5 Project Management Tips for Clinical Trials

Project management for a clinical trial is a complicated task. From creating a plan, to communicating updates, to calculating risk, there's always something to do, and it can be challenging to stay on top of it all.

Even if project manager isn't your title, there are typically several people at a site who work together to ensure the trial runs smoothly. These roles can include clinical research coordinators, site directors, and recruiting coordinators.

One important first step of effective project management at a site is to assign an official manager for each project. From there, a project manager can feel empowered to take on each step to help make sure the trial runs smoothly.

Once you've been assigned project manager, follow these tips to get – and stay – organized for the duration of the trial:

1. Start with a project plan.

Creating a plan before a new trial launches is one of the best ways to avoid delays once the trial starts. In addition to including a timeline of milestones, your plan should also outline staff members responsible for each part of your plan, communication details to be shared with the team, and a risk assessment that addresses potential roadblocks (more on these pieces later). Gantt charts and other project plan templates can help.

2. List out potential risks and create a plan to address them.

Of course, your goal will be to avoid any patient recruitment delays, retention issues, or other problems throughout your trial. Just in case, consider creating a risk assessment plan along with your larger project plan. Challenges to consider include:

  • Institutional Review Board (IRB) delays
  • Staff turnover
  • Recruitment delays
  • Protocol changes

If that list by itself is raising your blood pressure, then tracking the probability of each challenge, along with the projected impact and mitigation strategies, can help you feel more prepared.

3. Create a plan for stakeholder involvement.

Including key stakeholders for each part of your project can help ensure you're getting buy-in from the right people and keeping everyone updated. In the RACI method of project management, for each part of your plan, you'll make note of who needs to be involved, and in what way. The categories of RACI include keeping track of who's:

  • Responsible: The person who does the actual work of the task – ideally one point person. For example, you may have one marketing lead who gathers outreach material to submit to your IRB.
  • Accountable: Generally the person managing the one responsible for the task. This person ensures the work is done thoroughly, accurately, and on time.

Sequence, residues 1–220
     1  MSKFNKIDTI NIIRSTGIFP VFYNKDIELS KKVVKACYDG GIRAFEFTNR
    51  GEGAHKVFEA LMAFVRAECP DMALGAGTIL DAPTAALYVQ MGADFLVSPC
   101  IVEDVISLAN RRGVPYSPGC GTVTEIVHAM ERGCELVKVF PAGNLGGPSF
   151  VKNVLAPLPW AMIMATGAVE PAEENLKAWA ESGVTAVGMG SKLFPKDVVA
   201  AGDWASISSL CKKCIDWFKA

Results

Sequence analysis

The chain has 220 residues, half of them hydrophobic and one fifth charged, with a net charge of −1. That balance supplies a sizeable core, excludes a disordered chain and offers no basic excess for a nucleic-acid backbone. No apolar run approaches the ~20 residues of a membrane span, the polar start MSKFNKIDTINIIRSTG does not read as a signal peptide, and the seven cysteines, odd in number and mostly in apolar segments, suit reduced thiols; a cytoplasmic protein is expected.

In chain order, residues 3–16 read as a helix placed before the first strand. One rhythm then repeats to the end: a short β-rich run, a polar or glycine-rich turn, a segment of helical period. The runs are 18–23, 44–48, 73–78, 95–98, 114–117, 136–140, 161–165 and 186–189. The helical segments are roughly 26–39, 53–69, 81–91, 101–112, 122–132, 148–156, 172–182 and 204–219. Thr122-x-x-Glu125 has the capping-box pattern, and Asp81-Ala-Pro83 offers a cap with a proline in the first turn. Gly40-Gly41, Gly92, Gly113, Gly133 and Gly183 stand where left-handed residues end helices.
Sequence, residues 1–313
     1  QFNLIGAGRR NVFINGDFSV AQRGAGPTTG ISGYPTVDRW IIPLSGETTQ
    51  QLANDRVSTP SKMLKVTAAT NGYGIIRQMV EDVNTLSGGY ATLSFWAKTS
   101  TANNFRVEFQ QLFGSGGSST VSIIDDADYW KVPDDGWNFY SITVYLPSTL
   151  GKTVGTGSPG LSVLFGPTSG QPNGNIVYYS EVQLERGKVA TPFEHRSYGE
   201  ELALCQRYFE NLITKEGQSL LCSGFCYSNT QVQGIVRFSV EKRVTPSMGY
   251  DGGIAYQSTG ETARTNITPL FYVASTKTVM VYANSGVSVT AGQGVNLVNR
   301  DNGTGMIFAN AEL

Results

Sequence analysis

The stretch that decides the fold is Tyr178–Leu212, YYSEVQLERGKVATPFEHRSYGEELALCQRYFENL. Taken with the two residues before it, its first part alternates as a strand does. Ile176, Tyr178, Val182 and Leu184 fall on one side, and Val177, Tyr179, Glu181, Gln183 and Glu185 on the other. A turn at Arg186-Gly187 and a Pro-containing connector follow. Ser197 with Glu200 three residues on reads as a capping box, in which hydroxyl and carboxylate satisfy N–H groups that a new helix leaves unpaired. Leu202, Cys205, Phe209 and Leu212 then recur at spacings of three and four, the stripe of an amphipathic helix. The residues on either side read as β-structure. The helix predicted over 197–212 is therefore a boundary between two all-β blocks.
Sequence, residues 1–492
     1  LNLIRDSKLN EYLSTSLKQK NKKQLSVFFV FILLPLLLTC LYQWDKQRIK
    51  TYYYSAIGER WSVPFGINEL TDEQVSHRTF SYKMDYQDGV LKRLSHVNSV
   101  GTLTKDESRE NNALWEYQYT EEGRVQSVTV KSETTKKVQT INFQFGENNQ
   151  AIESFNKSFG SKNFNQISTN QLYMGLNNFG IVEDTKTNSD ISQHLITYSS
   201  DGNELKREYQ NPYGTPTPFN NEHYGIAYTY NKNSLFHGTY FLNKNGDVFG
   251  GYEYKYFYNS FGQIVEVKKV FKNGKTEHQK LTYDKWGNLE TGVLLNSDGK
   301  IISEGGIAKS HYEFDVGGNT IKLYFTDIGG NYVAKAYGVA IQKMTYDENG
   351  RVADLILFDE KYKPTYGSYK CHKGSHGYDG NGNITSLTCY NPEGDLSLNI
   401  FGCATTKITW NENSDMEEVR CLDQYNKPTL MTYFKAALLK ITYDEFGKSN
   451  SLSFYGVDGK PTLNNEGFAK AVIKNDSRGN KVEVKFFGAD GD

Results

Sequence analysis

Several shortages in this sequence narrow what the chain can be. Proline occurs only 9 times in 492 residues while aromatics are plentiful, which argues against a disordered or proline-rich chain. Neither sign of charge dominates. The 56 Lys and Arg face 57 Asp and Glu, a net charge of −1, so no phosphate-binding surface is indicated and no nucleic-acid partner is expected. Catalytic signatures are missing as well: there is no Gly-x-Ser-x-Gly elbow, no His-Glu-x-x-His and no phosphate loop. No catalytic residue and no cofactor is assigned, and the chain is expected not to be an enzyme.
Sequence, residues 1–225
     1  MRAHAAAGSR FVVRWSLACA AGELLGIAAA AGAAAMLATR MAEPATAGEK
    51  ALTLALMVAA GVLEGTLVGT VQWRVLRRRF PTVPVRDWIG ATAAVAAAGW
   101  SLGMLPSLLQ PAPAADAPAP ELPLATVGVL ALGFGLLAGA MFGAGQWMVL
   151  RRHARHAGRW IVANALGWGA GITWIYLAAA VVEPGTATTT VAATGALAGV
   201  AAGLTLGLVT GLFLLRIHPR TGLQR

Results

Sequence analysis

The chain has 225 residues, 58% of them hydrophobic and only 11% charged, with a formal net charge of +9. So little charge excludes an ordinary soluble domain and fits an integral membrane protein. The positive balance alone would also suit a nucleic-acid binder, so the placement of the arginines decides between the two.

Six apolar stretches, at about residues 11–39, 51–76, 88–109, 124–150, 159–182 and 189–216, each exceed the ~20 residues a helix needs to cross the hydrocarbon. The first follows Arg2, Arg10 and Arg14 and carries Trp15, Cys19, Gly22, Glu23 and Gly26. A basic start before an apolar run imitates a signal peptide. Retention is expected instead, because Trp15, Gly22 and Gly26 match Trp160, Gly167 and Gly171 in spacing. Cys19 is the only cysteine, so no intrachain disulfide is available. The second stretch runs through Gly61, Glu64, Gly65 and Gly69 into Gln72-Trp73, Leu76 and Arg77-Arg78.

• Consulted: Additional people who weigh in on the piece of the project, generally supporting team members, subject matter experts, etc.
  • Informed: People who are kept up-to-date on the progress of the project, but don't need to give approval.

4. Schedule time to think.

With so much communicating and coordinating going on, it can be hard to find time in your schedule to actually analyze your work so far and make sure everything is on track. Project management experts recommend blocking off specific time on your calendar to think. Call it what you will in the events you create, particularly if your team has access to your calendar, but protect your time as much as you can.

"Use your ‘thinking time’ to keep a handle on the things you know are necessary for project success: establishing project scope, refining objectives, defining the course of action required to attain the objectives, and otherwise planning, organizing, prioritizing, and establishing metrics," Dalfoni Banerjee, principal consultant and CEO, 3Sixty Pharma Solutions LLC, wrote in Clinical Leader.

5. Monitor and analyze your results.

Throughout the project, monitor results and be on the lookout for inefficiencies that crop up early on.

Once the trial is over, take time to review the experience before you move on to your next project. Is there anything you would do differently? Solicit feedback from others on your team, too. Consider having a "post-mortem" meeting and open the floor to suggestions on how to improve the process for your next project.

Looking for help on the patient recruitment piece of your project plan? Download our clinical trial recruitment template to get organized and start your plan on the right foot.